This week in HR, I am obsessed with absenteeism—because I have the flu and I’m achy, feverish, and working from home. UGH!

When I think about absenteeism, I think uh-oh, that’s about burnout and disengagement. My being sick and working from home isn’t what I mean when I think philosophically about worker absences and the costs absenteeism pose to organizations across the world.—Especially in a day and age when pandemics seem to be cycling in and out of our lives like spring / summer, fall / winter fashion trends. Frankly, I want off the Gucci succession of trending pandemics. But that’s exactly what my absence from the office is – a cost to the organization in one way or another. Luckily, I’m coherent and can work.

Absenteeism in the workplace is measured using an absenteeism rate formula. This rate is the number of absent days divided by the number of available workdays within a period. This absenteeism rate is a key HR indicator. Excessive absenteeism can indicate previously stated problems in the workforce or organizational culture.

Absenteeism is very costly. I was shocked to read the CDC’s numbers on absenteeism in the U.S. costs employers: $225.8 billion annually in productivity losses. As far as I can tell, this doesn’t capture the stress that absences inflict on colleagues, who are forced to pick up the slack, or on team dysfunction, supervisor redeployment—there are studies about all the people affected by one worker’s absence and they’re mind-blowing.

The most common causes of absenteeism cited by the CDC are depression, substance abuse, alcoholism, chronic illness, diabetes, age – the younger, the less reliably present in the workplace (believe it or not – this is just a generalization, and I work with a Gen-Z’er who is extremely reliable—awesome, actually). I wouldn’t be an HR practitioner if I didn’t reflexively think solutions or remediation.

So, when employers have absenteeism problems, I think about what’s controllable, directly influenceable, and indirectly influenceable. There are certain things employers simply can’t control, but they can influence indirectly or directly. The best way to determine the value of what you can and cannot do is in the context of the employee / employer value exchange. You can provide support structures for employees, things like an EAP or Employee Assistance Program, workplace health promotion, health screenings, alcohol and other drug management, drug testing, depression treatment… to name a few options. And all of these have direct or indirect influence over your employees’ health.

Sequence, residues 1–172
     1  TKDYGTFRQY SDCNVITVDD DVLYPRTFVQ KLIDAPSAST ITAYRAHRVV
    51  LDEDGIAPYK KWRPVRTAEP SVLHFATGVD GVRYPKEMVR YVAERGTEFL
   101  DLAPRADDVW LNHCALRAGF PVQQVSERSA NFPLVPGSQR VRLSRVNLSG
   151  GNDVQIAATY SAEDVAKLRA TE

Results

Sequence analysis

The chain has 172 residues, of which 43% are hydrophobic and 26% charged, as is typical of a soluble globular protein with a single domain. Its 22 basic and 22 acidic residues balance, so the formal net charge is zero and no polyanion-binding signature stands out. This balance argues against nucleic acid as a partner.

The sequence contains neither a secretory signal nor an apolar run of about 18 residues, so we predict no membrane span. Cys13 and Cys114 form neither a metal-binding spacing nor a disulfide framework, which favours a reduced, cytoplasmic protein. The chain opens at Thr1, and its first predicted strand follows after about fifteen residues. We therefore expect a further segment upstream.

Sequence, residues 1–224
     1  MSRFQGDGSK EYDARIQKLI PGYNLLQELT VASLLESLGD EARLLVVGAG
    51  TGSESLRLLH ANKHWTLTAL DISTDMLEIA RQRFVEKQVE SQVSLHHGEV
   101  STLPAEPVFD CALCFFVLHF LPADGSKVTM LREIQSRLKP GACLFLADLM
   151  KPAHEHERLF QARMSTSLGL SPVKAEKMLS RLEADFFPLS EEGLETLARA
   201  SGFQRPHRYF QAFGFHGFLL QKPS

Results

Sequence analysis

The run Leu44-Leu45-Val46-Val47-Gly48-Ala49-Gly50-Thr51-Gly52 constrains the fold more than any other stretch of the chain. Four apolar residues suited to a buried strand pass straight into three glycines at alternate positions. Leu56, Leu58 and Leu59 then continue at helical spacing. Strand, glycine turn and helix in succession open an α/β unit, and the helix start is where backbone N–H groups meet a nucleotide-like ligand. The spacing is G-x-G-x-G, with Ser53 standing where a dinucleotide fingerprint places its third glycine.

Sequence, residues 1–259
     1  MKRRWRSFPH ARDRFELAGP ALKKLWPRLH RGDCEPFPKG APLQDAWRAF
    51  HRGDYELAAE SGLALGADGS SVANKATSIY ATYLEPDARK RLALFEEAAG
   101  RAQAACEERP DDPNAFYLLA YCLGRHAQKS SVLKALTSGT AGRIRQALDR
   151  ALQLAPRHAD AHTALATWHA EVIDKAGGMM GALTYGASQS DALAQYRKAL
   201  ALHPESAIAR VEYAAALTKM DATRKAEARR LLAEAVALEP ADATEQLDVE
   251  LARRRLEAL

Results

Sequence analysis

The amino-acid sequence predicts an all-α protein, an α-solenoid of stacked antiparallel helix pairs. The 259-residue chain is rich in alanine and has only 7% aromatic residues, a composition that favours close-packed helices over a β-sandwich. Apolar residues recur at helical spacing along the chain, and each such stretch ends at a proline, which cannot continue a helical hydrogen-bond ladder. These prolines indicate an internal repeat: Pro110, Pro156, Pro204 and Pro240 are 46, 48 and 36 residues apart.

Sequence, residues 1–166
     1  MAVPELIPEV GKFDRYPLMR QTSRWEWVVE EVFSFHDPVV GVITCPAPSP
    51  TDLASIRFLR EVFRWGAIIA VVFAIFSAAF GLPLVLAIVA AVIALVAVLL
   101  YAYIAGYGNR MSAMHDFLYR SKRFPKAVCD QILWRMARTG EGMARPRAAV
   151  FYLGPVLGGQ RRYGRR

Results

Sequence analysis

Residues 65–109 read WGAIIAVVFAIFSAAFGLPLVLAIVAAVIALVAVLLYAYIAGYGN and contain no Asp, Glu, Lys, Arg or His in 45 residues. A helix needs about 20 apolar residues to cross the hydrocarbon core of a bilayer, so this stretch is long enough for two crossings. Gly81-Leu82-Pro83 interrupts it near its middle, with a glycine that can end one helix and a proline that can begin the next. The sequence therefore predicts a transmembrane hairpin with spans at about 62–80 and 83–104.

I like to think beyond the direct and indirect influence particulars to things you at least partially control. Think policy – putting the responsibility of rescheduling in the hands of employees, this creates pressure in the workplace for employees who don’t want to impose on friends. Create policies (I only recommend in certain industries) about medical verification for illnesses. Think management style – create commitment among your workforce by focusing on buy-in from workers. Where are you going as an organization? Does it include your employees? What are your employees’ goals for their own careers? Know that and then design programs and vision in ways that synergize their skills, goals, personal career path with the vision and mission of the organization.

If you use a staffing agency for high turnover or high absence positions, have a contingency arrangement with your partner that can help fill the inevitable gaps and quickly. This is not something to be taken on lightly. Training and deploy-readiness are major undertakings.

Finally, recognize that working remotely may be an advantage for your organization. I get it, not all roles are suited to remote work. Be open-minded in the deliberation process.

Call empact hr before absenteeism is a problem at your organization. The fortunate thing about most workplace challenges is that they can be opportunities for your success.


Leader, HR Advisory Services

Philip began his 12-year Human Resource career in HR Project Management and Recruiting in the legal tech sector, working for startups that were listed among Forbes Fastest Growing Companies. Philip has managed human capital operations in almost all 50 states and in parts of Europe. His experience ranges from compliance to leadership coaching. After achieving his MBA from Tulane University in 2019, Philip transitioned from in-house Director to consulting, where he focuses on helping leaders understand, document, and improve productivity and visibility through Performance Management, Mission Vision and Values integration, and Professional Development. Compliance remains a cornerstone of his strategic assistance to companies that want to scale carefully and smartly.

Philip believes that every employer can methodically create an attractive and inspiring Employer Brand and Human Capital strategy. “Every challenge can become the building block of a breakthrough opportunity through a dynamic HR strategy.